New Delhi: India on Tuesday rushed back home its ambassador and staff from the embassy in Kabul in a military transport aircraft in the wake of escalating tension, fear and uncertainty gripping the Afghan capital after its take over by the Taliban two days back.
The C-17 Globemaster aircraft of the Indian Air Force carrying around 150 people, including diplomats, officials, security personnel and some stranded Indians, landed at the Hindon airbase near the national capital at around 5 PM after a brief halt at Jamnagar in Gujarat.
It is the second evacuation flight as another C-17 aircraft brought back around 40 people from the Hamid Karzai International (HKI) Airport in Kabul on Monday as part of India’s emergency evacuation mission that was carried out following coordination with relevant authorities including US officials handling security at the airport in the Afghan capital.
It is the second time that India evacuated all its staff from the embassy in Kabul after a similar exercise was carried out in 1996 when the Taliban first captured power.
Indian Ambassador to Afghanistan Rudrendra Tandon told media persons in Jamnagar that the situation in Kabul is complex and “quite fluid” now, and the remaining Indians stuck in the city will be brought back home when the commercial flight services resume.
“Happy to be back home safely and securely. We are a very large mission. We are a mission of 192 personnel who were evacuated from Afghanistan literally within a period of three days in a very orderly fashion in two phases,” he said.
Tandon, who assumed charge as Indian ambassador in Afghanistan in August last year, said the embassy provided assistance and even shelter to many distressed Indians following the fast-changing situation in Kabul.
“We are continuously monitoring the situation because there are still some Indian citizens who are there. That is why Air India will continue to run its commercial services to Kabul as long as the airport in Kabul functions,” Tandon said.
Tandon said India will remain in contact with the Afghan people and will continue to work for their welfare.
“It’s not that we have abandoned the people of Afghanistan, their welfare and our relationship with them is very much on our minds. We will try and continue our interaction with them. I can’t say in what form as the situation is changing,” he said.
Tandon also thanked the Indian Air Force for the evacuation flights.
“Your welcome has an impact on all of us. Thank you to the Indian Air Force who flew us out under conditions that are not normal,” he said.
Asked about the stranded Indians, he said the embassy extended help to many of them.
“There are a lot of Indian citizens who found themselves in distress because of the fast-changing situation. So, our policy was that anyone who reached the embassy was taken into the embassy. I don’t know how they managed inside the embassy but we were sure that they were safe and secure and there was an avenue for an exit,” he said.
The people who have returned on board the aircraft included two Delhi-based journalists who had gone to Afghanistan to cover the unfolding developments after the Taliban began capturing key provincial capitals.
In the morning, External Affairs Ministry Spokesperson Arindam Bagchi said it was decided that the ambassador and his Indian staff will move to India immediately considering the circumstances in Kabul.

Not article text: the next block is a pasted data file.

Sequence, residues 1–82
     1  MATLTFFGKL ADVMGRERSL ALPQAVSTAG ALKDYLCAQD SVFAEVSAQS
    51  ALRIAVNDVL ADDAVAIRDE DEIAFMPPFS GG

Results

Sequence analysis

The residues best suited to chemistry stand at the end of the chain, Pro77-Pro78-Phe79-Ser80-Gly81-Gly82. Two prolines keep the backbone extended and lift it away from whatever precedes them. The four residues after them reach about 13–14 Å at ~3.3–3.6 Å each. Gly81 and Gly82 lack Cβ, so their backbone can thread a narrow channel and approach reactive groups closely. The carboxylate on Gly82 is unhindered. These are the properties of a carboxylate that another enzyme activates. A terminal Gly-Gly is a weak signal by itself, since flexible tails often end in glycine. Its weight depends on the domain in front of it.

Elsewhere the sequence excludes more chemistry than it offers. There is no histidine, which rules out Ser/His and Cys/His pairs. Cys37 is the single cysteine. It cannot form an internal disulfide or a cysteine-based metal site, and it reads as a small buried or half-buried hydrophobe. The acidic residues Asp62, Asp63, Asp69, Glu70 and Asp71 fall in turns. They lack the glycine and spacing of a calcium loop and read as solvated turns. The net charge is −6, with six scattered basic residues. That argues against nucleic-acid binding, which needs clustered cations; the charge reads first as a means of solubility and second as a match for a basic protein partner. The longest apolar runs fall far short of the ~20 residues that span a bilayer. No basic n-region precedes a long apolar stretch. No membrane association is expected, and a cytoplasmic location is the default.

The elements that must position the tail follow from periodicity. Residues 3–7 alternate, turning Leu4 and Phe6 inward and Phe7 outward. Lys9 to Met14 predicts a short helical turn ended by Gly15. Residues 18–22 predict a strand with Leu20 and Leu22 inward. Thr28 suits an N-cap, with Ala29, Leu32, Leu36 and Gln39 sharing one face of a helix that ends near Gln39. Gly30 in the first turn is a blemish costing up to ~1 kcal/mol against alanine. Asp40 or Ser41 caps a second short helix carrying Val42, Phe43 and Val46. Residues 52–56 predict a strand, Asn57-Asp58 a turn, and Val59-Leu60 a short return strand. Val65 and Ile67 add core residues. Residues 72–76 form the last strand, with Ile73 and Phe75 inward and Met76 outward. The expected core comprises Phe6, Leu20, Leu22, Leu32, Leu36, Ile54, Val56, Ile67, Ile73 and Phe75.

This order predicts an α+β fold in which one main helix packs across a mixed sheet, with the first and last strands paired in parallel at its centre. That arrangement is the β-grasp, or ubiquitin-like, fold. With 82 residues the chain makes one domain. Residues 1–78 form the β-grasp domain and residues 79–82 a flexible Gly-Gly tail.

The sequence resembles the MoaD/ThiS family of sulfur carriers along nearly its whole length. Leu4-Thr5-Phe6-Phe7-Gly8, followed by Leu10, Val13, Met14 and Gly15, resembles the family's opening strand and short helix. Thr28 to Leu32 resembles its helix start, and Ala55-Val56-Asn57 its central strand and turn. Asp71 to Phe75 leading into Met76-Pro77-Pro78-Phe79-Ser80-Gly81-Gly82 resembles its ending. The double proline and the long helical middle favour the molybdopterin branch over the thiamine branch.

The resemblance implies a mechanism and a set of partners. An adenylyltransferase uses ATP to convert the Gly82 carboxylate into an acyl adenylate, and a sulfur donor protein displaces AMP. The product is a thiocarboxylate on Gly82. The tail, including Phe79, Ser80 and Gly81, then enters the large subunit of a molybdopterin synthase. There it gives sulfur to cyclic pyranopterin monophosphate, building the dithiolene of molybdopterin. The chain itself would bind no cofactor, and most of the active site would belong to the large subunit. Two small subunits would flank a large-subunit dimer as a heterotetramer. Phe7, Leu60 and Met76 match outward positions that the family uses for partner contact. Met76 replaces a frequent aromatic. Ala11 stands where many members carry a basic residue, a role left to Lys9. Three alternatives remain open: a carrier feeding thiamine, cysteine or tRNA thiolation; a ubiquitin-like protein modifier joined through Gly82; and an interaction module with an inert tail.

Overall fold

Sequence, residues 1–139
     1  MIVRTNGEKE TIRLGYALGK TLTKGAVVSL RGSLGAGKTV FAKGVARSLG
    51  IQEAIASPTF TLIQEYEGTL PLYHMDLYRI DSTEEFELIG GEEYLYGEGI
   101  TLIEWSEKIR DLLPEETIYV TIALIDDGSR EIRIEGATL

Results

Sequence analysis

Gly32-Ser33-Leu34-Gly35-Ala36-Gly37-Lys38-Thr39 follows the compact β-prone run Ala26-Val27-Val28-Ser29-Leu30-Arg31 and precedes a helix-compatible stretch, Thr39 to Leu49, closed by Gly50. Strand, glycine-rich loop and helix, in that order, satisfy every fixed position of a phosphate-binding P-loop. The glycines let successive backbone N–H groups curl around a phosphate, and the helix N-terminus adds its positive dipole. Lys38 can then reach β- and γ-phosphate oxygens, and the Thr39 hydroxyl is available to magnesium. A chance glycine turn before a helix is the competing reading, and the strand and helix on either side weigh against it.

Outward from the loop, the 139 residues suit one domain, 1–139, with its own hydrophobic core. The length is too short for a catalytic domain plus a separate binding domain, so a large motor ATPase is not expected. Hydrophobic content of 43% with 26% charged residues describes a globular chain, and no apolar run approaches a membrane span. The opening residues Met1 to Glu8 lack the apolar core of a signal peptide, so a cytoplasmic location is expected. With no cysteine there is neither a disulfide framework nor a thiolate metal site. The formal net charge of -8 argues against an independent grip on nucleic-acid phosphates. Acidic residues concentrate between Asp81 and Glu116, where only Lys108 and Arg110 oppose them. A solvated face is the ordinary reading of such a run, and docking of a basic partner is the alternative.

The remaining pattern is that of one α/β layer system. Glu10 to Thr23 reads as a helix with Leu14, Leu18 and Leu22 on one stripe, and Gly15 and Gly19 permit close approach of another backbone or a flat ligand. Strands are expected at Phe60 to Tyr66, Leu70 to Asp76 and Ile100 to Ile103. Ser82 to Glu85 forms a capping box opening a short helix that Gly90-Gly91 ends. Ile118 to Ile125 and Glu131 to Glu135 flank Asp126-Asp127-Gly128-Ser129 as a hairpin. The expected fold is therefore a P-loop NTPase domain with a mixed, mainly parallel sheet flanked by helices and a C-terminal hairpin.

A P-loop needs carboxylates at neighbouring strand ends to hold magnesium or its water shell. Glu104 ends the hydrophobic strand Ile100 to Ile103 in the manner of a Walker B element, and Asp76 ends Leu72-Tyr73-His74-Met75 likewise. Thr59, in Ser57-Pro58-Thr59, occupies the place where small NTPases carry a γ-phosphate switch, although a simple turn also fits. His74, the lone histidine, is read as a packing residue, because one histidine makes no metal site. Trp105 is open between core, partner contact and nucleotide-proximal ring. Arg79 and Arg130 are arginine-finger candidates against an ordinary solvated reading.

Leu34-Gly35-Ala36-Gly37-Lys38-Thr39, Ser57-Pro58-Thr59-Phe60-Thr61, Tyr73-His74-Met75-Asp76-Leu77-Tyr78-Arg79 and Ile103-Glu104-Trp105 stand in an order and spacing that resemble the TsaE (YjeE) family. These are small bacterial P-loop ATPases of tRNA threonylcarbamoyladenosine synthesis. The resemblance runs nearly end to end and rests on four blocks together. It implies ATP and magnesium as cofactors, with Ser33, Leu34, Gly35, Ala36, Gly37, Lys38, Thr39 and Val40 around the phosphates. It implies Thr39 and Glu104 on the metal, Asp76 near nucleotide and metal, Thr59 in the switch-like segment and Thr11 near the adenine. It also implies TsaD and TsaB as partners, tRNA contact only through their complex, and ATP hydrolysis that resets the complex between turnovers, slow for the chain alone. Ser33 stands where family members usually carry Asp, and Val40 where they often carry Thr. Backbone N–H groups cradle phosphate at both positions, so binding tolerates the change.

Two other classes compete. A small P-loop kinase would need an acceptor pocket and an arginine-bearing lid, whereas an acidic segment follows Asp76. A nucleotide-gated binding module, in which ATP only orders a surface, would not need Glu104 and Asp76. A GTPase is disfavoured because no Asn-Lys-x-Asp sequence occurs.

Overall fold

“In view of the prevailing circumstances, it has been decided that our Ambassador in Kabul and his Indian staff will move to India immediately,” Bagchi tweeted
Officials said the two military aircraft flew into Kabul using the Iranian airspace while avoiding the route through Pakistani airspace.
Earlier, External Affairs Minister S Jaishankar, who is in New York on a four-day visit, spoke to US Secretary of State Antony Blinken and discussed the latest developments in Afghanistan.
“Discussed latest developments in Afghanistan with @SecBlinken. Underlined the urgency of restoring airport operations in Kabul. Deeply appreciate the American efforts underway in this regard,” he tweeted at around 3 AM.
It is learnt that Jaishankar was also involved in hectic discussions including with US officials on the evacuation of the Indian officials from Kabul.
The US military had taken control of the security at the airport on Monday after thousands of desperate people converged there in the hope of getting on an evacuation flight and leave the country.
Hours after Afghan President Ashraf Ghani fled Afghanistan on Sunday, the Taliban took control of Kabul, capturing power nearly 20 years after a US-led military invasion ousted it in the aftermath of the 9/11 attacks.
In a series of tweets, Jaishankar also said that India is monitoring the situation in Kabul continuously.
“Monitoring the situation in Kabul continuously. Understand the anxiety of those seeking to return to India. Airport operations are the main challenge. Discussions on with partners in that regard,” he tweeted.
“Significant UN Security Council discussions today on developments in Afghanistan. Expressed the concerns of the international community. Expect to discuss these during my engagements at the UN,” he added.
In another tweet, he said the government is in constant touch with the Sikh and Hindu community leaders in Kabul, adding their welfare will get its priority attention.
“Given the Kabul situation, important we have accurate information about Indians there. Urge that this be provided by all concerned to the MEA Special Afghanistan Cell,” he said.
The contact details of the Cell are phone number: +919717785379 Email: [email protected] PTI